M-Audio X-Session Pro review

A MIDI controller that looks like a DJ mixer sounds like a great idea, but this one seems slightly out of step with the latest software

  • £80
  • $129.95
The build quality is adequate but not rugged.

Our Verdict

If you really want something like this, then the X-Session Pro is a reasonable buy... but do you really want something like this?


  • Lightweight and portable. Plug and play.


  • Restrictive layout and labelling. No clip-triggering buttons for Live. No master volume fader or rotary. Won’t radically improve your performances. Not expensive, but still not worth the outlay for most.
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The build quality is adequate but not rugged.

The build quality is adequate but not rugged.
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Employing the XSP's crossfader in a new role seems to be the way to go.

Employing the XSP's crossfader in a new role seems to be the way to go.

Lots of companies produce MIDI controllers, but few release new ones as frequently as M-Audio. Its latest is an enhanced version of the X-Session control surface that they've been selling for the past few years.

As with most M-Audio products, the build quality is adequate but not exactly rugged. This is a very light, portable product, and the XSP's class compliancy means that there's no need to mess about with any drivers.

As expected, it worked straight away when we plugged it in.


On the XSP's top panel you'll find 12 rotary knobs, four vertical faders, a crossfader and ten buttons. Each of these controls can be assigned to whatever you like, but to help those who are stumped for ideas, M-Audio have provided front-panel labelling that conforms to a two-channel mixing setup.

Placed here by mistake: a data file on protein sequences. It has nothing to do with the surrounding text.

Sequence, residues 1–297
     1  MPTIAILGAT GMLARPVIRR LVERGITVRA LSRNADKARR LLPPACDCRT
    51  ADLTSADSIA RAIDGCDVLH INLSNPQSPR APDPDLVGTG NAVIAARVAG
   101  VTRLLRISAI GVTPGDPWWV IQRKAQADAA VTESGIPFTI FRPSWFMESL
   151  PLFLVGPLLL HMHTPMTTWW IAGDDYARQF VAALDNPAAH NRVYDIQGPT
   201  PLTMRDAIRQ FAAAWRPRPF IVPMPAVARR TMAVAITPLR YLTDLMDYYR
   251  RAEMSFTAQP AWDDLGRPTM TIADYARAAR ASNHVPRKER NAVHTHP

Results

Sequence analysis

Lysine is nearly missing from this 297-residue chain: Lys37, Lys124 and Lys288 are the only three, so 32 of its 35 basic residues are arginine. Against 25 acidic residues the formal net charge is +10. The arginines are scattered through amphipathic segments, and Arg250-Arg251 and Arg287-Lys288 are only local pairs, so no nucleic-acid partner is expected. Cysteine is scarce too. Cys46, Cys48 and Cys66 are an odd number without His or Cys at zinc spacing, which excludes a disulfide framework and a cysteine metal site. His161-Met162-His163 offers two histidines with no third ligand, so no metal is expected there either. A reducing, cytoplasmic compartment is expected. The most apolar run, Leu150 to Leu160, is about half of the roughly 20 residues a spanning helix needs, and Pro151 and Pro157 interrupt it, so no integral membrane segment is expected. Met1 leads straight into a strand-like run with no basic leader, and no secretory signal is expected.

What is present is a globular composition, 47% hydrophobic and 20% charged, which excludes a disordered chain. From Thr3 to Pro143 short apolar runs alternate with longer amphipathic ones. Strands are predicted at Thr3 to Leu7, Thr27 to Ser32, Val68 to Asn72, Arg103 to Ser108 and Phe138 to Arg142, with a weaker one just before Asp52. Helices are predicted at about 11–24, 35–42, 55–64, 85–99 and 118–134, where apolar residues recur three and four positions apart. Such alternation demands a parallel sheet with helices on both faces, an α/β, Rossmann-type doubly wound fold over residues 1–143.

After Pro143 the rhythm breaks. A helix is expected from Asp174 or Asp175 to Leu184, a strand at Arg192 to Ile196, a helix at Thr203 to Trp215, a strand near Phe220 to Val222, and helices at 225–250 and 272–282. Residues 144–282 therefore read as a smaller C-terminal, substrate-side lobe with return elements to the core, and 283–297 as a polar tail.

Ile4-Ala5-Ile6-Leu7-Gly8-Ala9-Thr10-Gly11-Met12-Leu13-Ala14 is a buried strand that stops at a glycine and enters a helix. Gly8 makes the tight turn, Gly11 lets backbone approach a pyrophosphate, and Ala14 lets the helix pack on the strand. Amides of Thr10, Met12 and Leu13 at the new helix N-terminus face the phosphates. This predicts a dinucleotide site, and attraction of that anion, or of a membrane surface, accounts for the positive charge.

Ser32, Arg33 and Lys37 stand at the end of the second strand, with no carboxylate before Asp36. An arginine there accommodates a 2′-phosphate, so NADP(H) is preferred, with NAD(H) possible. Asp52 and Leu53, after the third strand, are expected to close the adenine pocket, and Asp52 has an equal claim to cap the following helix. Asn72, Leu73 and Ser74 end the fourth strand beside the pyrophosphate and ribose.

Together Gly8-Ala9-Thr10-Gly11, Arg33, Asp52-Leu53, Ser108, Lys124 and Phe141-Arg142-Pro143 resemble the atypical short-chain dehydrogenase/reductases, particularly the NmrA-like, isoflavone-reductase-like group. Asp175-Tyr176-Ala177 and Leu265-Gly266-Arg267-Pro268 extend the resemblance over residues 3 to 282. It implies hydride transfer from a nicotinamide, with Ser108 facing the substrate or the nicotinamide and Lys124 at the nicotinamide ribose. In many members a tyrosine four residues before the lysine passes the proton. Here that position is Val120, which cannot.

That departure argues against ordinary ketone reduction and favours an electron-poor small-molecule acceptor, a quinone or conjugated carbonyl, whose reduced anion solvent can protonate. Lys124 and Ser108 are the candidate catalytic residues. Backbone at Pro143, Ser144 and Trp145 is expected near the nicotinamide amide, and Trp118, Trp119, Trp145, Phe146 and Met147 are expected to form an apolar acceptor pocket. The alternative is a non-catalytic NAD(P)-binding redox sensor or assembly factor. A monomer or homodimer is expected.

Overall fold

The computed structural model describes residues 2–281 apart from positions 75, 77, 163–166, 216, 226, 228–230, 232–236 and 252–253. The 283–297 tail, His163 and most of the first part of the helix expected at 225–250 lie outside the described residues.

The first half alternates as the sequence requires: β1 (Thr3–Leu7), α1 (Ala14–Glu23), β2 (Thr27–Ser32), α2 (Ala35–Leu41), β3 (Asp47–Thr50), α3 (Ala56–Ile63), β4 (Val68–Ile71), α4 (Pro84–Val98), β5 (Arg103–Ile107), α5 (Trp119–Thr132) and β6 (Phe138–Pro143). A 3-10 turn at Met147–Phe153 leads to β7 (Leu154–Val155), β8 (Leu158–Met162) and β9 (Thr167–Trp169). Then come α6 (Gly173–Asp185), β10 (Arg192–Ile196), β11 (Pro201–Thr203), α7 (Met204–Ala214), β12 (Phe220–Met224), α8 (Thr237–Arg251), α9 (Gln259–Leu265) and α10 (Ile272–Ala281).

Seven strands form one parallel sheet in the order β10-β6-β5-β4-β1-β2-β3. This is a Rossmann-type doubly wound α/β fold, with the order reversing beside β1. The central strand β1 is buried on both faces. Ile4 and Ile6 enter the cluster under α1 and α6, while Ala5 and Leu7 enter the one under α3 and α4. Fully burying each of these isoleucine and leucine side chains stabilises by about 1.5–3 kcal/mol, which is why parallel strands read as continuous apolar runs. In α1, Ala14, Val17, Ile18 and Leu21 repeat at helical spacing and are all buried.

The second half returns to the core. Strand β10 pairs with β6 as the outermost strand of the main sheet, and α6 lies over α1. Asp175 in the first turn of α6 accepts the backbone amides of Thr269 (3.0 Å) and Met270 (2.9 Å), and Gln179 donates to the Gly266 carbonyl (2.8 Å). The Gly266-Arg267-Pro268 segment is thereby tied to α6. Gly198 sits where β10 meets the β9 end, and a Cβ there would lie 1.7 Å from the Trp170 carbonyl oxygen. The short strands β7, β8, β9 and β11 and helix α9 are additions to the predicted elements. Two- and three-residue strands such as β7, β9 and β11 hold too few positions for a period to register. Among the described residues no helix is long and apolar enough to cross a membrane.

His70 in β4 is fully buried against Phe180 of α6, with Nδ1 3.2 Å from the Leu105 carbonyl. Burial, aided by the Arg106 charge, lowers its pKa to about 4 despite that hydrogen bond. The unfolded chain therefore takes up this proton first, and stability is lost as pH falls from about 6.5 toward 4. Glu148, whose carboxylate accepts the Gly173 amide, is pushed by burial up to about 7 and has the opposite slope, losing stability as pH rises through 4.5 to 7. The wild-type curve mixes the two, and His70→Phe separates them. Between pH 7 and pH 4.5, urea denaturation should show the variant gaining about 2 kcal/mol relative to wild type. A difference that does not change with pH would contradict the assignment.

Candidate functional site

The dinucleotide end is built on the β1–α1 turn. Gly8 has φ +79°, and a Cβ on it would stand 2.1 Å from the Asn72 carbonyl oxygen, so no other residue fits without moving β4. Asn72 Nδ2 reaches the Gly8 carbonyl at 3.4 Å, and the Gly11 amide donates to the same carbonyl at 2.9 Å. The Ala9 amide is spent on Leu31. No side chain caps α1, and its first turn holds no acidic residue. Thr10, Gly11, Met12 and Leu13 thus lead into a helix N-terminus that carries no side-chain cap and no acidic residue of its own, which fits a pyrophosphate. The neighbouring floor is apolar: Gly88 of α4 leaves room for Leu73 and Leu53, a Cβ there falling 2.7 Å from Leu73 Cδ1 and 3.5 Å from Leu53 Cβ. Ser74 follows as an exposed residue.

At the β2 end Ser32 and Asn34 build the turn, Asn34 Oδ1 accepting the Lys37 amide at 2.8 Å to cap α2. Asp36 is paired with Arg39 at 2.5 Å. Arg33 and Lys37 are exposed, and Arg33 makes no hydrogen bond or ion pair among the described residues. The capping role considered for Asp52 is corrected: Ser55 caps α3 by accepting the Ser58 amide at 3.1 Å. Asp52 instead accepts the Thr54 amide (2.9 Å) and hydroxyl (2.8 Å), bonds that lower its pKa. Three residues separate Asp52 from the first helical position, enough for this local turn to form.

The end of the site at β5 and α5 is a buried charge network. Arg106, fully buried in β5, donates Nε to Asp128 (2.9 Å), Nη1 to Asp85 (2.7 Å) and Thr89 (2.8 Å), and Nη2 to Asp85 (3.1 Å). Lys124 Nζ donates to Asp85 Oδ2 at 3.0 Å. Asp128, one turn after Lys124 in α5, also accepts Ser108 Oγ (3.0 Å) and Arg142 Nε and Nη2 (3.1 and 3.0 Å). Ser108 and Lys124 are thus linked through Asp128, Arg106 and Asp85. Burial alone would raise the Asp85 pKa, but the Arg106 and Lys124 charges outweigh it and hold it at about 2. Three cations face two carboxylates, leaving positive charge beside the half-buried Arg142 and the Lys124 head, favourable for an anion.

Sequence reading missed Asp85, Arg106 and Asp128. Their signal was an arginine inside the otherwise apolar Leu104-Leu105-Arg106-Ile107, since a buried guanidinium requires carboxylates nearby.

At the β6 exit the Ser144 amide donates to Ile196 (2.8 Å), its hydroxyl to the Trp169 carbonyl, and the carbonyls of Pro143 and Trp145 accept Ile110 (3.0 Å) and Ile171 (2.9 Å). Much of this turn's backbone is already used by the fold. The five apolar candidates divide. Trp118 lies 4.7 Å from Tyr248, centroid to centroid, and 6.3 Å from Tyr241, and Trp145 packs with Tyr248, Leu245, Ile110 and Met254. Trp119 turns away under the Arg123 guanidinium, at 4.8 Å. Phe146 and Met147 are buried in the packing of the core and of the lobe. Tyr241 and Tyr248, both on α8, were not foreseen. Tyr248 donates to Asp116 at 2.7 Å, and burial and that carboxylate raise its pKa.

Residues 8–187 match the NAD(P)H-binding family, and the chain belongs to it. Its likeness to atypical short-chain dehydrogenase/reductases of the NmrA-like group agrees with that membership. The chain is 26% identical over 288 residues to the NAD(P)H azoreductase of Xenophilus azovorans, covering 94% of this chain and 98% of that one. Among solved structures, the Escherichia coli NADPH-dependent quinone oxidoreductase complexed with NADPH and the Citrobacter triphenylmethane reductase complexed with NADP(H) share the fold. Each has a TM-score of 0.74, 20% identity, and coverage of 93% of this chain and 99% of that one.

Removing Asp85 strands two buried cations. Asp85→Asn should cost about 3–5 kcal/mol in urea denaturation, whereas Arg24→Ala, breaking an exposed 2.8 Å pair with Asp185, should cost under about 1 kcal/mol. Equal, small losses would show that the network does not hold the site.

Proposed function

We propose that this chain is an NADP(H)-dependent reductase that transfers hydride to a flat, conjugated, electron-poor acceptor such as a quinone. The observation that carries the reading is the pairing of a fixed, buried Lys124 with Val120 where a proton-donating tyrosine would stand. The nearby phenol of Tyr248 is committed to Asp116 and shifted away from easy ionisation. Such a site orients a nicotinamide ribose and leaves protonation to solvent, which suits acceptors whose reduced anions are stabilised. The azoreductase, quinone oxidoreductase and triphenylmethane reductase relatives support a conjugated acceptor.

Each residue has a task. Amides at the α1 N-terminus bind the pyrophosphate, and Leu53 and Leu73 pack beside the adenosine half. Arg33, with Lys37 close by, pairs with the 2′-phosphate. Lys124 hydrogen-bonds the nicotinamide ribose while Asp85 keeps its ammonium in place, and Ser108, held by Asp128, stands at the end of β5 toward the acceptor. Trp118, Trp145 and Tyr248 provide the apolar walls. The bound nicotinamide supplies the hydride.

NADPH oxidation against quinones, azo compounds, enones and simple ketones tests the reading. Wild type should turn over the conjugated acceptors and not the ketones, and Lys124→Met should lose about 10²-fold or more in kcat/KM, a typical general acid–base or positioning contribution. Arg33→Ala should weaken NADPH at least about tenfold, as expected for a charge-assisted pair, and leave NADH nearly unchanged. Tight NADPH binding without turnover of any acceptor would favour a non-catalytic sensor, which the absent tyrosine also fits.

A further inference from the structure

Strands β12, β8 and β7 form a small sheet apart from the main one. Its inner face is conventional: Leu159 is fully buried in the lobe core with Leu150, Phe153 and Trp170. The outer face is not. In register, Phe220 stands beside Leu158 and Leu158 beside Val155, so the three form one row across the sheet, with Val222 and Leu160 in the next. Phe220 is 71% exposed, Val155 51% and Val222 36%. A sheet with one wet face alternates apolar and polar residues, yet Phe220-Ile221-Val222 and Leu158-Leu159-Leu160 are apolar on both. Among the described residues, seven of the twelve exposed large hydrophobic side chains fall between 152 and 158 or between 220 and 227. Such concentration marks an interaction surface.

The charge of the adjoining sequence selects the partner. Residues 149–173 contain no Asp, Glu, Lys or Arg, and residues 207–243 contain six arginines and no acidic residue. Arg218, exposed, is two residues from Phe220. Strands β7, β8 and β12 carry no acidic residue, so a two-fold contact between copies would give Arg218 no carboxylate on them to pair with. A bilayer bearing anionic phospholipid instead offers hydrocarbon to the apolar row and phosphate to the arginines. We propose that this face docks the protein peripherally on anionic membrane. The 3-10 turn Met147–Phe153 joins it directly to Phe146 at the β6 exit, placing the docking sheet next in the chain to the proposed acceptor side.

In practice, your controller assignments will largely depend on your software. Live users, for example, will have no need for pitch faders, and few will see the crossfader as an essential tool. Scratch DJs will need it, obviously, but the chances are they'll all be using real audio mixers anyway.

And this highlights the major flaw with the XSP: its layout means it's totally optimised for a conventional two-channel mixing role, but even straight DJing programs like Traktor 3 now offer four channels or more.
In Live, you can use it to control volume and a few EQ or effects parameters on four channels, but you can't really trigger clips or scenes or control monitoring of more than two channels.

And to be honest, if you're running your DJing software through a multiple output soundcard, we'd recommend skipping the MIDI mixing fader system altogether and just running multiple channels into a hardware DJ mixer. You'll get much more stable and sonically impressive results, and your performances will be more fun (both for you and your audience).

So, although the XSP does exactly what it says on the tin, we just don't think that the tin should ever really have been placed on the shelf in its present form. There's nothing especially bad about it, but there are far better performance controllers out there.

Fans of the traditional two-channel mixing concept will find that the XSP functions pretty much as it should, but forward-thinking DJs should look elsewhere.